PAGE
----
Jason Furman would not be of the opinion that “Profits and Losses Don’t Matter at the Federal Reserve” (WSJ, Sep 28, 2023) if he had any idea just how large those losses were.
Furman is incorrect to state that the Fed's assets are "worth $8 trillion." $8 trillion is the book value of the "longer-term government bonds and mortgage-backed securities" on the Fed balance sheet. Mark them to market and their value drops dramatically.
Like Silicon Valley Bank, the Fed ran precarious duration risk on bonds purchased, and they lost. Fed Treasury bonds were purchased when rates were 1-2%. Rates on those securities today are 4-5%. A 100% increase in rates like this causes a 30-year Treasury bond to fall nearly 50% in value. Likewise, the Fed’s mortgage-backed securities, mostly 30-year, were purchased when mortgage rates were 2.5% to 4%. Today mortgage rates are twice that, over 7%. These securities could also be down 50% in value depending on duration. Total losses on the asset side of the Fed's ledger could therefore be in the range of $3 trillion to $4 trillion.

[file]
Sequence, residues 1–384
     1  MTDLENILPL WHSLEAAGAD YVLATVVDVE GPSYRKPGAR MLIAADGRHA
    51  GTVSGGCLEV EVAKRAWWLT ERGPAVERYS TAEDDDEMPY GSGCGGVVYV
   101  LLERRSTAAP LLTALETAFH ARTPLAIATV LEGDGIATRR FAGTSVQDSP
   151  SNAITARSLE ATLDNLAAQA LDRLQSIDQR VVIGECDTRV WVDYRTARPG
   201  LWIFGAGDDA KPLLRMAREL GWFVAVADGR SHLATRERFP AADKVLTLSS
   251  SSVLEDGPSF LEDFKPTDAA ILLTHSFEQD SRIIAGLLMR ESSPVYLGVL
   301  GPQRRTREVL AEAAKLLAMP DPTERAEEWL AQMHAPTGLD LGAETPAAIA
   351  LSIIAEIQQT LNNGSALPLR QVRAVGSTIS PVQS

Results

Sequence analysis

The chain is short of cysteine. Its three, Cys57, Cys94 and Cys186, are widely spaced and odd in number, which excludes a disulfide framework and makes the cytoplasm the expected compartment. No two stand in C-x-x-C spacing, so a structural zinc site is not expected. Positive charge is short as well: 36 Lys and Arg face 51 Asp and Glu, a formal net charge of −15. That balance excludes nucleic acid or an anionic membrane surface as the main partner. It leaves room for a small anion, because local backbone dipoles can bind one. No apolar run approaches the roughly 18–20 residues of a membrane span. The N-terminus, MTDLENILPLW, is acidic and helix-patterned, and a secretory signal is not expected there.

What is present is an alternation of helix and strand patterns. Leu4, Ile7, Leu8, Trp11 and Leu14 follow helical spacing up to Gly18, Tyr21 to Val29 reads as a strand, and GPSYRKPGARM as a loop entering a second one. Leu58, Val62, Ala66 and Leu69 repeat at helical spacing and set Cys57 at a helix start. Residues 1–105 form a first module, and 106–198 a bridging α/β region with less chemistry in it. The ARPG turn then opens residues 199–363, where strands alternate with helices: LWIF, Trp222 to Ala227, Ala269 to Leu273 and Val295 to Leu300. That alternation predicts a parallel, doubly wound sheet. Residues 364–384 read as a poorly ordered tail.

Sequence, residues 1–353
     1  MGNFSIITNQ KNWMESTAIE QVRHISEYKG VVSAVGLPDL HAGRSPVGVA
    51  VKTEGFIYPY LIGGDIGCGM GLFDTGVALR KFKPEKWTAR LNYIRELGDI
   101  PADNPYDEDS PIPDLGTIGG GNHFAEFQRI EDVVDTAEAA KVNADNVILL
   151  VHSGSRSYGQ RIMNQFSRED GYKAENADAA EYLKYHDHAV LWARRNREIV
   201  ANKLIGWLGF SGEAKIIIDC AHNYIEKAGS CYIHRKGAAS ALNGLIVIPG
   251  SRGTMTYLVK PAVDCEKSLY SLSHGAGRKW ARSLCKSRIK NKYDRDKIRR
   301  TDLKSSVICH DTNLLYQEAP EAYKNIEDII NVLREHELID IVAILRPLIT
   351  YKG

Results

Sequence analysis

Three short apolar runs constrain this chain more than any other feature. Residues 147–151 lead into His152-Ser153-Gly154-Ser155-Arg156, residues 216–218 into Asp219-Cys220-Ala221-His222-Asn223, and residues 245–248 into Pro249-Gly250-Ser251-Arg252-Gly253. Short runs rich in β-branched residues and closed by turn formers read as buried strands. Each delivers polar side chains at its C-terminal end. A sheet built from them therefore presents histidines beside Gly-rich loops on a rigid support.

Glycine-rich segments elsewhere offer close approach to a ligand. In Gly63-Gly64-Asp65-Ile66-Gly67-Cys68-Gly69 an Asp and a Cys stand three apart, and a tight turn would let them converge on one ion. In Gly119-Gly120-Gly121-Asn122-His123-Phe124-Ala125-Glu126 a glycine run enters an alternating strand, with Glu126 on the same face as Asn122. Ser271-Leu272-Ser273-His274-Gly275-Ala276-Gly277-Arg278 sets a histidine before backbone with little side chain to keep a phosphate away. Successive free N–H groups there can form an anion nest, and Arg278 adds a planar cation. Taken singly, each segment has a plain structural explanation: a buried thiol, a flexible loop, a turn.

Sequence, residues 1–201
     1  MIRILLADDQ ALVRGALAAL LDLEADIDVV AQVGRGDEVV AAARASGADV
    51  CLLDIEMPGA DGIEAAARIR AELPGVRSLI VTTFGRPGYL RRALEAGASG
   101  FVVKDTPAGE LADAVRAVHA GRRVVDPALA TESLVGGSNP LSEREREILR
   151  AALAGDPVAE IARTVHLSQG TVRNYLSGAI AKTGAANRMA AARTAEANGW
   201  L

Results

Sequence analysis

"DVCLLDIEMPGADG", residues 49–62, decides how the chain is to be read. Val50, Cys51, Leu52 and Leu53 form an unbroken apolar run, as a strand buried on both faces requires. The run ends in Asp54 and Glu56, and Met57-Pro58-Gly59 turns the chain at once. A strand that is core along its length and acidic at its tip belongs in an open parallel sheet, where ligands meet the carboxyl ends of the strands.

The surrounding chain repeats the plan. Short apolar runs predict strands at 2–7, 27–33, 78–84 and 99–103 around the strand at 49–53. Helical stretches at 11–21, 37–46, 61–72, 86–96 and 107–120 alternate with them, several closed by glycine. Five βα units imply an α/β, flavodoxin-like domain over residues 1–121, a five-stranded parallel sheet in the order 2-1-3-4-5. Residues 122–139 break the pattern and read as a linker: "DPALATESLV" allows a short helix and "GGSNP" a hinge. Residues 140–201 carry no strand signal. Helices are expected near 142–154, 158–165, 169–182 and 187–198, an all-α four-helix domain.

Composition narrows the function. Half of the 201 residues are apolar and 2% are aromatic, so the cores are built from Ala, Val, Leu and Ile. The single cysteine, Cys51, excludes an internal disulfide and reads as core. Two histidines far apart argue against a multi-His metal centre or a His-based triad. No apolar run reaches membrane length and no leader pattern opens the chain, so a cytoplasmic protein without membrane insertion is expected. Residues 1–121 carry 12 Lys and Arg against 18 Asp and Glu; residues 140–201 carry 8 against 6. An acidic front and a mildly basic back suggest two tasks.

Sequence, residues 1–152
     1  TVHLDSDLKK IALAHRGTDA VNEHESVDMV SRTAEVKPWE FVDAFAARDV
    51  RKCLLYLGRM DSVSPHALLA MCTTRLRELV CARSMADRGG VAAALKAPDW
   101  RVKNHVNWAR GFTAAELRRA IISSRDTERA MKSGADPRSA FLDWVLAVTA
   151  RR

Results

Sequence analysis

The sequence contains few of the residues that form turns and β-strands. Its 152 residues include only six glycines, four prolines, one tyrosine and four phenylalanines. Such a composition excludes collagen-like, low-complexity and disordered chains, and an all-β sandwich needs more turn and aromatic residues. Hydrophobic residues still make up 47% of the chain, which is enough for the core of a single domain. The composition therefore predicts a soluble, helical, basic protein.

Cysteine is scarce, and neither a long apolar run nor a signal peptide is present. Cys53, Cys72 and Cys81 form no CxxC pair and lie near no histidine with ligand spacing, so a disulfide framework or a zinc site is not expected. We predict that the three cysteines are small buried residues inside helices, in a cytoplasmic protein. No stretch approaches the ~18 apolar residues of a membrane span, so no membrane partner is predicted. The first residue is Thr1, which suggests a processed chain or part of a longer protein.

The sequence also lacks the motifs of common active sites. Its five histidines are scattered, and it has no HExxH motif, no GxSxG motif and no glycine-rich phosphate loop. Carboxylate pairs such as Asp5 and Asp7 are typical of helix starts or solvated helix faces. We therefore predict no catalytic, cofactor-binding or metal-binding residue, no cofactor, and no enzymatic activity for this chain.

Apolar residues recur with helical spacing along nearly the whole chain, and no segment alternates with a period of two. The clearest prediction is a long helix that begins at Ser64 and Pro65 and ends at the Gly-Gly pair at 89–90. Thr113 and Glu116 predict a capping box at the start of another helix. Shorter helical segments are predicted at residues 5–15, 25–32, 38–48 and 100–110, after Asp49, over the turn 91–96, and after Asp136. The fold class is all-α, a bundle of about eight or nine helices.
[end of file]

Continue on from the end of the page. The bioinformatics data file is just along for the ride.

It is time the Fed tell American taxpayers just how many trillions of dollars have been lost on securities held, most purchased long after the need for QE had passed. Herein may lie the reason the Fed refuses to sell assets from their balance sheet: such sales would require recognizing these enormous unjustifiable losses.